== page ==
Ostschild is done. It's actually been done for a few months now. A second TPK in as many weeks did it in for good, right before our Christmas holidays hiatus from gaming. I am a little sad that it's over, and maybe I'll revisit it later. Ostschild came close to being what I wanted in a D&D game; it was set in a realistic medieval milieu; it built on actual, real world history, folklore, and mythology; and it drew all of that into a coherent fantasy setting. Some concessions were made for D&D, for the feel, or the rules, or the expectations of D&D gamers. The only difference I might make is to change the rules set to something like Lion & Dragon, although it's explicitly British setting would require some retooling to make it fit the Holy Roman Empire. Alternately I might consider running a very similar set up in the British isles, I did lament a bit the choice of central European location making the names of people and places a bit difficult for both my gamers and myself to pronounce, given our American English speaking backgrounds.
I have been running a new AD&D game set in my old Garnia setting. I did TPK the party once there already, maybe three sessions in, but they dusted themselves off like troopers, made new characters and we're on our 5th session with new new PCs now. I adapted “Horror on the Hill” for play in my campaign world, and it's been fun so far (despite the TPK).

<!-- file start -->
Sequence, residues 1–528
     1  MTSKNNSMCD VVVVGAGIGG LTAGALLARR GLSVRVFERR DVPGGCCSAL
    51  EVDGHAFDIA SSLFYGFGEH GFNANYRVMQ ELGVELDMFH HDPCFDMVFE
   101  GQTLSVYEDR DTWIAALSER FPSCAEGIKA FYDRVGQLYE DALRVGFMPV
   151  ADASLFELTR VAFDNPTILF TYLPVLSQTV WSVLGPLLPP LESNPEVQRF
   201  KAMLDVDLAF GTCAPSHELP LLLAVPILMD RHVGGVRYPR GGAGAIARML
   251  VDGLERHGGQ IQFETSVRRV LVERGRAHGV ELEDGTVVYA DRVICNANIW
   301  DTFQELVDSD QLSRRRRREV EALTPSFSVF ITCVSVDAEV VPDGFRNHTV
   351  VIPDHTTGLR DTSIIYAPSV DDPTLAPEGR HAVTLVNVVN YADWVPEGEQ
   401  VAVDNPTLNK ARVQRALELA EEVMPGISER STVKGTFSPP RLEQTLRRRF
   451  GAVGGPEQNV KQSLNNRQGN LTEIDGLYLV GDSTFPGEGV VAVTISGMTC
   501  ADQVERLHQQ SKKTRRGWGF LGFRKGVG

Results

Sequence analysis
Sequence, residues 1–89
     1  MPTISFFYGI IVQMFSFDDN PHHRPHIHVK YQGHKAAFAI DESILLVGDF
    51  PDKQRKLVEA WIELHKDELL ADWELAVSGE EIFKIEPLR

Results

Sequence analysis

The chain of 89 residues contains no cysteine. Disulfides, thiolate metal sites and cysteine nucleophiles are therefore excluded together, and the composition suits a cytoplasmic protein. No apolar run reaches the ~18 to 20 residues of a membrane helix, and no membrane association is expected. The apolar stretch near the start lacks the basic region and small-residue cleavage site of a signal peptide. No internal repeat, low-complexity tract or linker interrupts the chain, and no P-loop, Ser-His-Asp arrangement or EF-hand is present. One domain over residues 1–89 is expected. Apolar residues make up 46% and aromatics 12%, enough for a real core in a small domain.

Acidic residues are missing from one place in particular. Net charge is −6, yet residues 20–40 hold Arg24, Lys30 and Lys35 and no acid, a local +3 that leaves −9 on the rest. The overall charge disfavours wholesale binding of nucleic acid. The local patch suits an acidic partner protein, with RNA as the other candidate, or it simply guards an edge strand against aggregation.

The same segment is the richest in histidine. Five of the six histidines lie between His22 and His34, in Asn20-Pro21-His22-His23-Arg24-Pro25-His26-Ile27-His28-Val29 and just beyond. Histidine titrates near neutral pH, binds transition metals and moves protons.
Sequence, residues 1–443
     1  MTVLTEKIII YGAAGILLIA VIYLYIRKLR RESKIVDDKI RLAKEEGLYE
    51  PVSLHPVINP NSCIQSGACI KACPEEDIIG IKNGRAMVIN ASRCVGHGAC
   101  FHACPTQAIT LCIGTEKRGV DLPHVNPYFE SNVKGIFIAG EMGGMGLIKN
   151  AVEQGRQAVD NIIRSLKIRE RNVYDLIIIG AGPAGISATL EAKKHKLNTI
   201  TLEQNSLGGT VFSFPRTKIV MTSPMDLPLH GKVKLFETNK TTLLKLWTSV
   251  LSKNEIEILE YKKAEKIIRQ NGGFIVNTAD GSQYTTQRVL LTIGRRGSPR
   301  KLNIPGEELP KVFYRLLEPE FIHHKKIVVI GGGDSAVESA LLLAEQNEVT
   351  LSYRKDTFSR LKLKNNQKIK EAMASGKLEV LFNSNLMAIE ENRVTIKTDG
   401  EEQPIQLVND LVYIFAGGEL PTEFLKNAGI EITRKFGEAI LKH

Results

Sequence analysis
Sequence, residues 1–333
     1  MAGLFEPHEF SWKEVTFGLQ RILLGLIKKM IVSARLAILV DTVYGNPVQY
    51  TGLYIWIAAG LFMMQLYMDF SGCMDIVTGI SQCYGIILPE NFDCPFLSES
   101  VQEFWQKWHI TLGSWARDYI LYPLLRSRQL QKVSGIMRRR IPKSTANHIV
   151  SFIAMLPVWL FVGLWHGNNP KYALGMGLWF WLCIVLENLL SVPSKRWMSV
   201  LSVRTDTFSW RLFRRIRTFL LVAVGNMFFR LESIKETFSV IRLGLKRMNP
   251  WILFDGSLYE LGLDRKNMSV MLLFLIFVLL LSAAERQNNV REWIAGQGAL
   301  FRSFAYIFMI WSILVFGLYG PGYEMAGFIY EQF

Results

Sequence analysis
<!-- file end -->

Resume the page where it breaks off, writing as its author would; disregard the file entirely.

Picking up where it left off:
I do have some more campaign specific stuff to hand out to them, currently they are aware of the Celtic theme of the setting, and it's set in my “post-apocalyptic” timeline, where all of the old kingdoms were overrun and destroyed by the forces of evil. Their characters are descendants of the refugees that fled the main continent to the relative safety of an isolated island I am calling Avalon in the eastern ocean. Now their people are seeking to explore and resettle the ancient lands of their ancestors. The biggest surprise is that not all of the humans, elves, etc. were wiped out completely, so there are pockets of pretty hardy survivors there, although they have often descended into barbarism due to the circumstances of their own ancestors survival.
The humanoids and other evil forces have become extremely disunited in the centuries following their victory, and have squabbled greatly over the spoils amongst themselves, which is probably why there are pockets of survivors.
Anyway, we've been doing this since January, and it's April now, so I thought I'd blog about it. I still need to put together a list of Celtic names, they actually requested it. I need to write up documents for Elves, Halflings and Gnomes. I already had one I made last year for Dwarves when I was running my “Lost Atlantis” campaign online, it needed just a bit of editing to remove the Roman stuff, it's still the same campaign world, but the other side of the main continent. Atlantis was kind of an inspiration for Avalon in this campaign, an island appearing where none was before and all, only with Avalon it was placed there when the forces of good needed a place to retreat to.